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Sang-Hyun Ryu (left), Emmi Pouta, Lisa Gerkens and Hanna Markgren have developed soft night-lights to help children overcome the fear of darkness.Entrepreneurship was not what Lisa Gerkens had in mind when she began studying design at Aalto University – “Honestly? Definitely not,” she says.

Yet, here she is – a member of a team of three women and one man participating in a programme organised for ambitious start-ups by Aalto University. The venture of the foursome, Leeluu, develops soft interactive night-lights to help children overcome the fear of darkness.

The business idea, Gerkens says, came out of everyday life. One member of the team is a mother, while Gerkens used to take care of her siblings, who are some ten years her junior.

Most of the people who have invested in Leeluu are women, but on Wednesday more men than women took the stage during the closing ceremony of the nine-week start-up programme, the Summer of Startups, in Otaniemi, Espoo. Of the nine start-ups in the programme, only two were led by women.

While the gender distribution may appear skewed, it is in fact more balanced than the average.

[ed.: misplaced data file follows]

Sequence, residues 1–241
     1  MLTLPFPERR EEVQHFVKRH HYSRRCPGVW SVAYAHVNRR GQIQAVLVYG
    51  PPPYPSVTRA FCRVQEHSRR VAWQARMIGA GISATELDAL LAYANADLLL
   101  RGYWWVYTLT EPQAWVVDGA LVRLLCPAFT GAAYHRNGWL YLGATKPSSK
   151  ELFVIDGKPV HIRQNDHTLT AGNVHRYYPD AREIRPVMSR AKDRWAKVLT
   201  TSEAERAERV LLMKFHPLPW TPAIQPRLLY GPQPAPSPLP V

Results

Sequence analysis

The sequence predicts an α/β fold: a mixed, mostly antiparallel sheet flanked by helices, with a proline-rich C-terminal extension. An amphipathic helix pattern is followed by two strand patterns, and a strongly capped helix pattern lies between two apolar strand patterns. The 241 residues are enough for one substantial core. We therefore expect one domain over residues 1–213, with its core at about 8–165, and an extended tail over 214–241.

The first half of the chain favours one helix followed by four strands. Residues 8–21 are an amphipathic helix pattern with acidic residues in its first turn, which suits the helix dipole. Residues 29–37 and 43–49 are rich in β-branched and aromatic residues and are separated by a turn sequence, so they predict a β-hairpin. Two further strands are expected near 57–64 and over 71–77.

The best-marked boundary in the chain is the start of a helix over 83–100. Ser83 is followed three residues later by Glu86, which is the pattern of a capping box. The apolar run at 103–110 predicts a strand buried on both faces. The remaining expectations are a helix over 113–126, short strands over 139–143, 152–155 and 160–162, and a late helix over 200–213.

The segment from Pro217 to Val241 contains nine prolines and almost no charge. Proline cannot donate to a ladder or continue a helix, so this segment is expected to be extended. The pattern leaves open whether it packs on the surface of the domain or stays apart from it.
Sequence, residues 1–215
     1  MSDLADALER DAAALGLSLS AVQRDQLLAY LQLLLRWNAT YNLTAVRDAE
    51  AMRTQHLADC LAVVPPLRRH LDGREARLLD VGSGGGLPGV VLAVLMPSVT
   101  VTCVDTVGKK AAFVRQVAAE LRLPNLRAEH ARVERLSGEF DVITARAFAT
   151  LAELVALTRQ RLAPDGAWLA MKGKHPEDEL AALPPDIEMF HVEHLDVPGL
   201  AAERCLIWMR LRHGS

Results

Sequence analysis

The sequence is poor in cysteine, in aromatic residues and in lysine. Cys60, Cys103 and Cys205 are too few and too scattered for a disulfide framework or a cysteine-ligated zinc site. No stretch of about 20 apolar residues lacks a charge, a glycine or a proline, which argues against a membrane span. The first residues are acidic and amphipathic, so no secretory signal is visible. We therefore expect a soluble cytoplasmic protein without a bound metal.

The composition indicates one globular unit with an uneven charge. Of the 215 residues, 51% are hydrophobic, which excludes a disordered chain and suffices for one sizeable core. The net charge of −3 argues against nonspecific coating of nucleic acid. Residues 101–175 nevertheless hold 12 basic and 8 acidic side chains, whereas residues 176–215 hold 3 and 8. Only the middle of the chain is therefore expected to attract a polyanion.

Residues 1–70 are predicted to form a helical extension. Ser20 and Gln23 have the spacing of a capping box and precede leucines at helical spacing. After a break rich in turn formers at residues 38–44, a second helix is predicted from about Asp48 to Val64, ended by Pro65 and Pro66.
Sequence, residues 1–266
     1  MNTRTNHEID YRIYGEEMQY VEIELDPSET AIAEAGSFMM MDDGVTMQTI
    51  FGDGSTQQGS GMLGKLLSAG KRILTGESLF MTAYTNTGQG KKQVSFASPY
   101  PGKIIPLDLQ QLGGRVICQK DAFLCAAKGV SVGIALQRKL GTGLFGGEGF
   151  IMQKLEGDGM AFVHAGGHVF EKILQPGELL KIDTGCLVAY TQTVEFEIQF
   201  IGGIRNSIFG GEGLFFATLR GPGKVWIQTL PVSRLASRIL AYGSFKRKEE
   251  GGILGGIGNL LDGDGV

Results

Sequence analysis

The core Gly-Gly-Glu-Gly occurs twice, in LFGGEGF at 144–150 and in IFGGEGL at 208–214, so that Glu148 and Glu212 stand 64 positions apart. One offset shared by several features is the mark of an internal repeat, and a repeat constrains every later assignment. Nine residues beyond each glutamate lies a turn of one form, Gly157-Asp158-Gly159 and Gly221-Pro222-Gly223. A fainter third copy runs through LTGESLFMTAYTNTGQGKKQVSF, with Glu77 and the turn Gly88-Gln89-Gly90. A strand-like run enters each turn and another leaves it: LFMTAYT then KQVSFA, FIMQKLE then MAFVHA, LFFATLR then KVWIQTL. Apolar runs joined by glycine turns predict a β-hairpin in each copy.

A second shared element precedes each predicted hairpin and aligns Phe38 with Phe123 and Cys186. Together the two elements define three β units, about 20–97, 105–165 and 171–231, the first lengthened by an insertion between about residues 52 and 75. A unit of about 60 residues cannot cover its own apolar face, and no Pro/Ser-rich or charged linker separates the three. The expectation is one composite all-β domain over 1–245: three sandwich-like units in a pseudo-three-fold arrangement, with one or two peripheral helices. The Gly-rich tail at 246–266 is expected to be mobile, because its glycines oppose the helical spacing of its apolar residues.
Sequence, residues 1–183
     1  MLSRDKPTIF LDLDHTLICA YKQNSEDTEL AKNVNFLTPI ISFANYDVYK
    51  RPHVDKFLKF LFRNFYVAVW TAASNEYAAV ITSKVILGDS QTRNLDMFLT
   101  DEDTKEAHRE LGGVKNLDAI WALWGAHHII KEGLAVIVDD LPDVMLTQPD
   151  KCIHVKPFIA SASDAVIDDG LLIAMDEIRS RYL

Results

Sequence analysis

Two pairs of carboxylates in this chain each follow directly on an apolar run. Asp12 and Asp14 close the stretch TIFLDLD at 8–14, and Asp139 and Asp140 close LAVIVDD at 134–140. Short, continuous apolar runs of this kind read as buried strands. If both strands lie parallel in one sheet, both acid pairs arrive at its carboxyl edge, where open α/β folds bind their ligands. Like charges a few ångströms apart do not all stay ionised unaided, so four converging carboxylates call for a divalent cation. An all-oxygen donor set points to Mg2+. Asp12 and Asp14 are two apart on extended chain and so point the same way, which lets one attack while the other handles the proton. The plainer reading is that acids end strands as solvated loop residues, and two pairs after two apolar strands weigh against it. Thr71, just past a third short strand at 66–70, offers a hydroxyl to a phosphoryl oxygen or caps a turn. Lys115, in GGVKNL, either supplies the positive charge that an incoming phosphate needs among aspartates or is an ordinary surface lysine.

Elina Lepomäki (NCP), a Member of the Parliament and an experienced angel investor, estimates that fewer than one in ten start-up entrepreneurs in Finland are women.

According to Heikki Rannikko, a senior advisor at the Small Business Centre of Aalto University, the share of women may be even lower. Studies conducted at the Small Business Centre indicate, for example, that only six per cent of the recipients of the start-up funding disbursed by Tekes – the Finnish Funding Agency for Innovation – are led by women.

In contrast, women account for roughly one-third of all business-owners in Finland.

Traditionally, the low share of women has been attributed to their alleged disinclination to take risks.

However, Lepomäki points out that the situation may be explained by the dominant presence of the public administration in female-dominated sectors, such as the health care sector. As a result, there is little room for entrepreneurs.

On the other hand, the scarcity of women in start-up ventures may also be attributable to the fact that start-ups are usually founded on a technological invention or new software – fields of study dominated by men.

Juhani Saarinen – HS
Aleksi Teivainen – HT
© HELSINGIN SANOMAT
Photo: Kari Pullinen

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